Pogacar rode without power meter or computer for La Planche des Belles Filles

Tadej Pogačar stormed to victory and the yellow jersey on the stage 20 time trial up La Planche des Belles Filles. For the phenomenal ride, which will bag him the Tour de France overall victory, the young Slovenian opted against using a cycling computer, disabling the use of power or heart rate data to measure his effort on the 5.9km climb. He still rode the fastest ever ascent of the climb despite a bike change 200 metres into the ascent, beating Fabio Aru's 2017 time by two seconds. 

Coming into stage 20, Pogačar was 57 seconds down on his rival, friend, and countryman Primož Roglič. His task was simple but complex at the same time; go as hard as possible to take that time back, but not too hard too soon, as the slopes of La Planche would punish, just as they did Roglič. 

As the Slovenian national time trial champion, Pogačar started the stage aboard a custom-designed Colnago K-One time trial bike with its Colnago logos resplendent in the colours of the Slovenian flag. No heart rate monitor was worn, but between his custom-shaped Speedbar aero extensions sat a Stages Dash computer, displaying the numbers from the Stages power meter which was fitted to his Campagnolo Bora Ultra aero crankset.

Pogačar's phase one was a measured effort, but it still got him to the bottom of the climb faster than anyone bar two-time world time trial champion Tom Dumoulin, and 36 seconds up on his target Roglič.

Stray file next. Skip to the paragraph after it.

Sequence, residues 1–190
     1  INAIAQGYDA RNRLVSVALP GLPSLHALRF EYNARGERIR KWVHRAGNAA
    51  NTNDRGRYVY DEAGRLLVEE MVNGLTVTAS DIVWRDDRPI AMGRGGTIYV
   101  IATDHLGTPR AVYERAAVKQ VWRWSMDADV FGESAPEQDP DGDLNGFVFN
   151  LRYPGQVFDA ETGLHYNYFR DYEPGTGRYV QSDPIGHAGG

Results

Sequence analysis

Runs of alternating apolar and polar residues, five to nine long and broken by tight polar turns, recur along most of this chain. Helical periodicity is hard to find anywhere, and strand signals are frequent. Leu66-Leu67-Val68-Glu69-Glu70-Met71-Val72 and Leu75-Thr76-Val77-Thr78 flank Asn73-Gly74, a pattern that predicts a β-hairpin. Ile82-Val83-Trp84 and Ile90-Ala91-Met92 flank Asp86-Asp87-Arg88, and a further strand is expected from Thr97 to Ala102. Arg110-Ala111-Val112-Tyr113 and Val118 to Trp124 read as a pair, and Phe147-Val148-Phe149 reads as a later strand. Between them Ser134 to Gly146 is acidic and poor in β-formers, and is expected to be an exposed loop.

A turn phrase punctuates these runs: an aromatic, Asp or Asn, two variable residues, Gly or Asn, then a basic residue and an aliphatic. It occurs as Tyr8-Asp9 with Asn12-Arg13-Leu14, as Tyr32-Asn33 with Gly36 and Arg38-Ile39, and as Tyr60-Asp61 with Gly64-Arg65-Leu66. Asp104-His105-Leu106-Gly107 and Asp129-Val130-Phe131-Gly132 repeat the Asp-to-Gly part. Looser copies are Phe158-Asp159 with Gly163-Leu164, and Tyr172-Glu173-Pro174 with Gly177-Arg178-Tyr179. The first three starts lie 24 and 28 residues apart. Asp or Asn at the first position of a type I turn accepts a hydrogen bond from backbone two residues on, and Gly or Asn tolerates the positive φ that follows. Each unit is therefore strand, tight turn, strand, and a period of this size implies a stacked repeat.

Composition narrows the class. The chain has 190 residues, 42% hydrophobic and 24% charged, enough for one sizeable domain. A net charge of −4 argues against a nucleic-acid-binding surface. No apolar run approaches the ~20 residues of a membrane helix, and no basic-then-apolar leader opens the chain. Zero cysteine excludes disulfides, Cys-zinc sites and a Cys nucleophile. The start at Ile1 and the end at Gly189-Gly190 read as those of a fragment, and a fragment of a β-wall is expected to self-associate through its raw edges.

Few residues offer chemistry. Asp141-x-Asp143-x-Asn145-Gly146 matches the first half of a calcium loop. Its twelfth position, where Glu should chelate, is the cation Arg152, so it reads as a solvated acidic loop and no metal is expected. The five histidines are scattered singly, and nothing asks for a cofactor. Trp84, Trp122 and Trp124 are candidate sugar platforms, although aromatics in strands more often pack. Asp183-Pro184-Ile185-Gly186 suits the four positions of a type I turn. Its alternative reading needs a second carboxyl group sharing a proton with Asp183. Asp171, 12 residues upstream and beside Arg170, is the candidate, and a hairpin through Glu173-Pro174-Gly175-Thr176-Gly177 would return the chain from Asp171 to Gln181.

Like many of his rivals, Pogačar opted for the bike swap at the foot of the climb. He spent just seven seconds motionless and a further five regaining speed, but it was from here on in that Pogačar was flying blind aboard the Colnago V3RS.

With its integrated cable routing, his Deda Alananera handlebar is noticeably void of clutter already, but today it was particularly empty. There was no Stages Dash cycling computer to be found, nor could the Stages hardware be found on the Campagnolo Super Record crankset, and of course, still no heart rate monitor. 

Thanks to the introduction of the power meter, professional bike racing can be likened to a rolling maths problem. Chris Froome's numerous Tour successes have involved ignoring accelerations in favour of riding a steady-state effort, gauged by the numbers on his head unit. Elsewhere, sprinter's teams reeling in breakaways will do so using calculations to ensure the catch happens, but not a moment too soon.

It's in a time trial where this data can be most beneficial, though. Riders will know their capabilities and will use the power meter to ensure they stay within them. Foregoing this data opens a rider up to getting carried away with the emotion of the occasion and the adrenaline from the screaming fans, potentially resulting in going too hard too early. Going into the red too soon, especially during a time trial that finishes up a category one climb, can end in disaster. 

However, conversely, a power meter can also hold a rider back, and a day where Pogačar needed to close a 57-second deficit wasn't a day to be held back. 

For many riders, a place on the Tour de France podium is too big to risk losing. But to 21-year-old Pogačar, just a "kid from Slovenia" who has already realised his dream of simply being at the Tour de France, and who has an entire career of Tour de France attempts ahead of him, disaster was small risk to take when the yellow jersey is the reward. 

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